March 21, 1932.
Appeal from the District Court of the United States for the Southern District of New York.
Action at law by Dorothy Caruso Ingram, formerly Dorothy P.B. Caruso, ancillary administratrix of the goods, chattels, and credits of Enrico Caruso, deceased, against Frank C. Bowers, as executor of the estate of Frank K. Bowers, deceased, to recover for taxes wrongfully collected. From a judgment dismissing the complaint, entered upon a verdict directed by the court [ 47 F.2d 925], the plaintiff appeals.
Francis C. Lowthorp, of New York City, for appellant.
Walter H. Schulman, of New York City, for appellee.
Before L. HAND, SWAN, and AUGUSTUS N. HAND, Circuit Judges.
The plaintiff is the widow and ancillary administratrix of the singer, Caruso, who during his life paid the sums at issue in discharge of deficiency assessments of income taxes for the years, 1918, 1919 and 1920. She sued to recover these; the case was tried before a jury of one, and the judge directed a verdict for the defendant at the end of the evidence and wrote an opinion stating the facts in detail. Ingram v. Bowers (D.C.) 47 F.2d 925. We adopt his statement, and refer to it as the premise of our discussion.
The case turns upon the meaning of the phrase, "gross income from sources within the United States," as used in section 213(c) of the Revenue Act of 1918 (40 Stat. 1066); for we assume arguendo that, as the judge found, Caruso was a non-resident alien. If his agreements with the Victor Company were no more than contracts for personal services, it makes no difference whether we hold, as was held below, that the source of the resulting income was the services rendered, or the promise to pay the royalties. The first has the authority of a departmental ruling (Cum. Bul. Dec. 1920, p. 128), and whatever inferences may be drawn from the amendments in the statutes from 1921 forward (section 217(a)(3) of the Acts of 1921 (42 Stat. 244) and 1924 and 1926 (26 USCA § 958(a)(4); § 119(a)(3) of 1928, 26 USCA § 2119(a)(3). On the other hand we find it difficult to distinguish Edwards v. Keith, 231 F. 110 (C.C.A. 2) and Woods v. Lewellyn, 252 F. 106 (C.C.A. 3). A priori, the source of an income would seem to be determined by the same factors, whether time or place be in question; if that source is the consideration for the promise, and not the promise itself, the return for services rendered before any tax was imposed would not be a gain from any taxable source. However, we are not driven to a decision on this point, because if the source is the promise, the promisor was also within the United States, and the same result follows as though the service was the source.
The more vital question is whether the contracts were for more than personal services; whether they gave to Caruso some interest in the matrices and records, or, if there was any copyright, in the copyright; and whether the payments can in this wise be looked at as emanating from property. If so, the plaintiff argues, the sums in suit came from the foreign matrices; if not, then at least from the foreign companies. As to both matrices and records the second contract is too clear for question; it provides that Caruso "grants all rights in and to" them. The first contract contained no such words, but we think that the result was the same. In it he only agreed "to make these records," meaning of course, to sing into the recording apparatus, and the Victor Company, to pay him a royalty as records made from the resulting matrices were sold. The company was to manufacture both; prima facie they became its chattels like anything else of its make. If it was intended to give Caruso an interest in them, some such reservation was to be expected, and there was none. The fact that his return was called a royalty is immaterial; it was so described in the second contract which was not equivocal. No remedy was created by which he could assert any such rights. It appears to us that the purpose was the same as was expressed later, and if so, he had no proprietary interest in the profits arising out of the records. If there be a copyright under section 1(e) of the Copyright Act (17 USCA § 1(e) — which we do not say — it became embodied in the matrices, as a literary composition is embodied in its text. Any putative monopoly would do no more than prevent the copying of these, and it passed with the property in them. It was not impliedly reserved separate from them, for that would have interfered with their full enjoyment which the manufacturer was certainly to have.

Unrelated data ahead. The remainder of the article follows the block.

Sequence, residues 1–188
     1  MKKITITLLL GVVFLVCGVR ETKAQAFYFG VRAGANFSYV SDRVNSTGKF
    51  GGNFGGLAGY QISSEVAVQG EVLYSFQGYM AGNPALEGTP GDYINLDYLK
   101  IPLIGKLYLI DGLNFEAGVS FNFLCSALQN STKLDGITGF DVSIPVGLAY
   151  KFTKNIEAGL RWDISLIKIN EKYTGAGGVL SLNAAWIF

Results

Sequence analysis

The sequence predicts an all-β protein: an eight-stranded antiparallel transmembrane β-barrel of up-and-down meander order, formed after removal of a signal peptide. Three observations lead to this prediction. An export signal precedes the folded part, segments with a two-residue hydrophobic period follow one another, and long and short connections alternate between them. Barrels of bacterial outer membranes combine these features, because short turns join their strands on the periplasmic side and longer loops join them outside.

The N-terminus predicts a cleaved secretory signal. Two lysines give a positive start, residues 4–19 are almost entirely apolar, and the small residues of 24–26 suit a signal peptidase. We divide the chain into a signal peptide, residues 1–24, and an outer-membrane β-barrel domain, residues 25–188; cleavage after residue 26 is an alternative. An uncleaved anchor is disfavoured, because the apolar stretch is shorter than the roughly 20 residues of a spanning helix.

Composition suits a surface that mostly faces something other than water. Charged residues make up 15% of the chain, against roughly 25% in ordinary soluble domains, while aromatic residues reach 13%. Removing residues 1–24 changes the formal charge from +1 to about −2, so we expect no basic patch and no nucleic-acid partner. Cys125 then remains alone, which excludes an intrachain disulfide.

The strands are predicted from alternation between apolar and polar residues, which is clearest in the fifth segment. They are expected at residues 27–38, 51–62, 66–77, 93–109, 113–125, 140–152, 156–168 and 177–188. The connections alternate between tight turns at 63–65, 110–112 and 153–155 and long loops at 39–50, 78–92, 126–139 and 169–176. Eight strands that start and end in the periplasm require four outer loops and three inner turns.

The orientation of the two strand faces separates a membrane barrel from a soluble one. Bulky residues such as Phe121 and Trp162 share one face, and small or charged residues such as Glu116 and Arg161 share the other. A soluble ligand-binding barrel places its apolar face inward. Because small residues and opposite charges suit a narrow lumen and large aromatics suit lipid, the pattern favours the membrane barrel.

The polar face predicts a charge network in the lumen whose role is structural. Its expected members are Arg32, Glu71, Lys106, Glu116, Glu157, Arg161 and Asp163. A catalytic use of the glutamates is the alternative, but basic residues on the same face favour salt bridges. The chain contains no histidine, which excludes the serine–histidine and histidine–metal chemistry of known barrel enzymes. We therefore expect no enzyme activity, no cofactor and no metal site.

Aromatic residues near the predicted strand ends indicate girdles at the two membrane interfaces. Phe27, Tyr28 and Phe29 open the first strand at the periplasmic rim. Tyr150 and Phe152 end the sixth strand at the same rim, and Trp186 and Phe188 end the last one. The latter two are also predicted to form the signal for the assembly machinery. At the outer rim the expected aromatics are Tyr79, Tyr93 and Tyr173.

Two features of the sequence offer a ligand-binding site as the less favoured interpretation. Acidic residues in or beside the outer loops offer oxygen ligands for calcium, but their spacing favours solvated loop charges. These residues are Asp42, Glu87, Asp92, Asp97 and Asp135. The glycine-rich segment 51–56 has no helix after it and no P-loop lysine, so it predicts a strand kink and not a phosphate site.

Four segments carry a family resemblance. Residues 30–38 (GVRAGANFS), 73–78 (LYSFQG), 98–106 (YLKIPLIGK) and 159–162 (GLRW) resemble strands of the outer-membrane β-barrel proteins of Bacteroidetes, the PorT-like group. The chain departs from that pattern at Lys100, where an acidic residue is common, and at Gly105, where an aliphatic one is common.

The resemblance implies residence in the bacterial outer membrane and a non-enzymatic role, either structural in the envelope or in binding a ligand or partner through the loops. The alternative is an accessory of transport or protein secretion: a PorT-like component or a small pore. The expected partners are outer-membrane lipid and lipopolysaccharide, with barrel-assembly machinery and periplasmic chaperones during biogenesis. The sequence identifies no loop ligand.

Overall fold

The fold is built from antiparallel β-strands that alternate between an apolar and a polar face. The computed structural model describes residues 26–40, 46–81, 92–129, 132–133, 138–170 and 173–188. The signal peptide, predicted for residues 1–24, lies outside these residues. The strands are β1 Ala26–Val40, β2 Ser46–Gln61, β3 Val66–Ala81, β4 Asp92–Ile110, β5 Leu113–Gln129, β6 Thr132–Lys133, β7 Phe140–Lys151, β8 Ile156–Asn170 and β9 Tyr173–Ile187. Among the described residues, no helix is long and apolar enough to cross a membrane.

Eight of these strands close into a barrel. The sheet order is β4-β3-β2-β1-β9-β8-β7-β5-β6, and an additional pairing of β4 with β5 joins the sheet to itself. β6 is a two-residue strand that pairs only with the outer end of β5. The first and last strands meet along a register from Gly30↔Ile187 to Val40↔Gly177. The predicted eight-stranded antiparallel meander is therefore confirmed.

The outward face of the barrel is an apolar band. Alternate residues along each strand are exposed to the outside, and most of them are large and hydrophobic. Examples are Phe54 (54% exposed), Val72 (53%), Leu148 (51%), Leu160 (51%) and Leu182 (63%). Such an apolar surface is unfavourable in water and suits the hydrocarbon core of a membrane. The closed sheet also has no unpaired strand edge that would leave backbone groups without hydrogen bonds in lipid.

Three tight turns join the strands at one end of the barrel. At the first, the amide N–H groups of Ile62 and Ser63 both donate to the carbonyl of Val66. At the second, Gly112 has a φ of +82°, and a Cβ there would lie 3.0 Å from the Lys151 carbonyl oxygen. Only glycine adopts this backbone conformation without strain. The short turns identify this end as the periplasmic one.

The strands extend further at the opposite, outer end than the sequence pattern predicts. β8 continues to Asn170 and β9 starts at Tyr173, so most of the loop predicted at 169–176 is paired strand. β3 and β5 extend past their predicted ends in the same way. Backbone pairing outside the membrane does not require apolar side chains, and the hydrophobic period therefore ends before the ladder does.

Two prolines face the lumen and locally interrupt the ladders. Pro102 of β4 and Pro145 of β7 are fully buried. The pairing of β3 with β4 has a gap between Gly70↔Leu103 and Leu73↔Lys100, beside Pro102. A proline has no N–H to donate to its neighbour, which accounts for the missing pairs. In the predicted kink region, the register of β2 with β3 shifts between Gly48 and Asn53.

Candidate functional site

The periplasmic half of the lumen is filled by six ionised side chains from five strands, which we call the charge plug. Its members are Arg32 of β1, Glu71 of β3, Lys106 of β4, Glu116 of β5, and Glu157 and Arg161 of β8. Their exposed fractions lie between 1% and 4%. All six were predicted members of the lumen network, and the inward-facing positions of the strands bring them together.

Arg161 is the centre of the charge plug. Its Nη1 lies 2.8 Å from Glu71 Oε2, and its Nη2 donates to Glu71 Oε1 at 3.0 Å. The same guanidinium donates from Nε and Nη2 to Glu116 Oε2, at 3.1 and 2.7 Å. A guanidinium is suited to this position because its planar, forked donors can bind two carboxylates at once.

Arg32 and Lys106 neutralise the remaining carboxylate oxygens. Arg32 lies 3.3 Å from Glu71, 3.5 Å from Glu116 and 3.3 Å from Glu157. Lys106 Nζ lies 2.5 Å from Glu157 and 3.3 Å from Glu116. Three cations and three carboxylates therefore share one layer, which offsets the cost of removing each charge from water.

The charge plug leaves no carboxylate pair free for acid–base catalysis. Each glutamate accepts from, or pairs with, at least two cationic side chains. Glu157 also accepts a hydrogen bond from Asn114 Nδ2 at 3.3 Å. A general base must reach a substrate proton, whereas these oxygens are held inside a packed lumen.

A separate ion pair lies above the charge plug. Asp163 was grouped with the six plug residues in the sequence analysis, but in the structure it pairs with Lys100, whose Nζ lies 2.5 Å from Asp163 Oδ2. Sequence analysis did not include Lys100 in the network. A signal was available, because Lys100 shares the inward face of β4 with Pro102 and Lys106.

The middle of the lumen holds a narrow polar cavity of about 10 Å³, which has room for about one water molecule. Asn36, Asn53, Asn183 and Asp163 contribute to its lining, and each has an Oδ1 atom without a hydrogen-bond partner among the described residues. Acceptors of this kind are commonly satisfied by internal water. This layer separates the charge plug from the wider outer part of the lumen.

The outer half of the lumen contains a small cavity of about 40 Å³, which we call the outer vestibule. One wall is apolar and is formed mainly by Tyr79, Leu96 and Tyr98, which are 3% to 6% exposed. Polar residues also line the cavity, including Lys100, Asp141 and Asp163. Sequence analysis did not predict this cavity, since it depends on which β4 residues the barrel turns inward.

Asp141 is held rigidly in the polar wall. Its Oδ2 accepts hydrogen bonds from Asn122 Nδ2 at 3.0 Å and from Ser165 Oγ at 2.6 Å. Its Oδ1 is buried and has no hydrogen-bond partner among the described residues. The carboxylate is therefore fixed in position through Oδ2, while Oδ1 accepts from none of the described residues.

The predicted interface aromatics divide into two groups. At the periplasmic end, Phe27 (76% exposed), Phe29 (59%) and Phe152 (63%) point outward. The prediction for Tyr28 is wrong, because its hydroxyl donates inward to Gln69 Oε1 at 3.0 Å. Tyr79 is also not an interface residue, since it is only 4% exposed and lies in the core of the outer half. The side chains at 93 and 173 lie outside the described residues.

Nor can we see how the source of the payments could be the royalties paid by the foreign companies to the Victor Company. They did not promise to pay Caruso, or to assume the obligations of the company. Whether in the event of its insolvency, he could have had recourse to their promises is beside the mark. Assuming as much, it would be only as security for the Victor Company's performance, and that would not change the source of the income while it continued to perform. For argument we may even assume the contrary after default; it never did default; all the payments here in question came from it. This would be equally true, though by a long stretch we were to assimilate the situation to that in Re Waterson, Berlin Snyder Co., 48 F.2d 704 (C.C.A. 2), and hold that Caruso had a lien upon the matrices sent to the foreign companies. That would again be only as security, for under the doctrine of that decision the second assignee does not, by accepting the transfer, become personally liable on the promise of the first. As long as the first assignee performs, the assignor's rights against the second remain in abeyance; if he defaults, they are against the property alone. Thus, on no theory can it be said that the source of this income was outside the United States.